Health

Blood donors will now help to make plasma to boost supplies of medicine that treats immune diseases

Blood donors will now help to make plasma to boost supplies of medicine that treats rare immune diseases

  • Eventually around 250,000 litres of plasma from around one million blood donations each year will be used to make a medicine
  • NHS Blood and Transplant said the plasma will bolster supplies of the medicine which it said is facing supply pressures made worse by Covid-19
  • Until now, UK had been relying solely on imports of immunoglobulin medicine 


Blood donors in England are now able to give a little extra help as their contributions will be used to make lifesaving plasma medicine.

The first blood donations to be used in this way will be taken from today – with the approach being rolled out across England over several months.

Eventually around 250,000 litres of plasma from around one million blood donations each year will be used to make a medicine which treats rare immune diseases. 

Eventually around 250,000 litres of plasma from around one million blood donations each year will be used to make a medicine which treats rare immune diseases. Pictured: A woman in donates plasma at the Oklahoma Blood institute in the U.S.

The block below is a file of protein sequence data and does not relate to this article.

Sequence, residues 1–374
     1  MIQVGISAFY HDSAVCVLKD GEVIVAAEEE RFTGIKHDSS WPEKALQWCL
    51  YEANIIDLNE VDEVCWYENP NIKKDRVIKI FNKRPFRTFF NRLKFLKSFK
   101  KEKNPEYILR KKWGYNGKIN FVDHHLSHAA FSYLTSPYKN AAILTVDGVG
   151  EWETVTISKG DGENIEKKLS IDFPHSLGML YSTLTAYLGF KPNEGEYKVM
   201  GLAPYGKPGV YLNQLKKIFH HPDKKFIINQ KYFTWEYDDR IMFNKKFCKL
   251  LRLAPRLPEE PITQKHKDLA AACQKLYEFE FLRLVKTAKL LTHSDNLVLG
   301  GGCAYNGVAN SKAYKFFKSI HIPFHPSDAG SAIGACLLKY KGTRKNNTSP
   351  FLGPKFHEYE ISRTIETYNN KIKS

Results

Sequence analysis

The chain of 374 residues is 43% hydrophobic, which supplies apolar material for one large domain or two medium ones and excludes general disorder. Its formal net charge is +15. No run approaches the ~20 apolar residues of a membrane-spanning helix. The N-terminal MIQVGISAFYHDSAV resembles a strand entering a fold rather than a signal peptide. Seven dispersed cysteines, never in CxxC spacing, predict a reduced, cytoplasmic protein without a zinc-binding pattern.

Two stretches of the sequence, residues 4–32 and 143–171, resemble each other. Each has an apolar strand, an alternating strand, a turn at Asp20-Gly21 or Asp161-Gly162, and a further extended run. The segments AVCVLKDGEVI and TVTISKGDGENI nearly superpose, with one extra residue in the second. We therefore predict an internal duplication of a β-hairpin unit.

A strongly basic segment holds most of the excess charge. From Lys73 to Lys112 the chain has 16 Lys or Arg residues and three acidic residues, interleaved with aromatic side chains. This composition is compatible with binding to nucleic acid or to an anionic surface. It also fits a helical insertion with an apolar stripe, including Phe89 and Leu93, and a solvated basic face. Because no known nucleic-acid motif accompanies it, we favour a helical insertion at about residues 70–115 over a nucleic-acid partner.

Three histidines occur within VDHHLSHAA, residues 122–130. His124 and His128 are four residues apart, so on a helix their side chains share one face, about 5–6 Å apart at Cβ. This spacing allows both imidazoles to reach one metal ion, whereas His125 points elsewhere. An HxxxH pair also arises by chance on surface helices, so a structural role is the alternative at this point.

NHS Blood and Transplant said the plasma will bolster supplies of the medicine – known as immunoglobulin – which it said is facing supply pressures made worse by Covid-19.

Until now the UK had been relying solely on imports of immunoglobulin medicine which are received by around 17,000 people every year – many of whom are clinically vulnerable people who have been shielding during the pandemic.

Specific donations of blood plasma began back in April but from Tuesday the first of England’s 770,000 blood donors will begin their contributions.

Pictured: A doctor holds a donation of convalescent plasma

Pictured: A doctor holds a donation of convalescent plasma

The first such donations are due to be taken at Norfolk House Blood Donor Centre, in Manchester, and by mobile blood donation teams covering Liverpool, Taunton and Bath.

Gerry Gogarty, who led this project at NHSBT, said: ‘Your blood is mostly made up of plasma and it contains the antibodies which fight infections. Those antibodies can save the lives of people with faulty immune systems.

‘By recovering plasma… each generous blood donation will go even further in helping to save lives.’

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